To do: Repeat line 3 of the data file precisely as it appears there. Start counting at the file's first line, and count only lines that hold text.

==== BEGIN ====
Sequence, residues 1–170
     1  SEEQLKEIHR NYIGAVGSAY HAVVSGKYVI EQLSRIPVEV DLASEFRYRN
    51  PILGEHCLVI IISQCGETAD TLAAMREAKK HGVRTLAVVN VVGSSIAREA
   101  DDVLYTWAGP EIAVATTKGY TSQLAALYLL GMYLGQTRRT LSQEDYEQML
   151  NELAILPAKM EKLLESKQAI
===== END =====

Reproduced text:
    51  PILGEHCLVI IISQCGETAD TLAAMREAKK HGVRTLAVVN VVGSSIAREA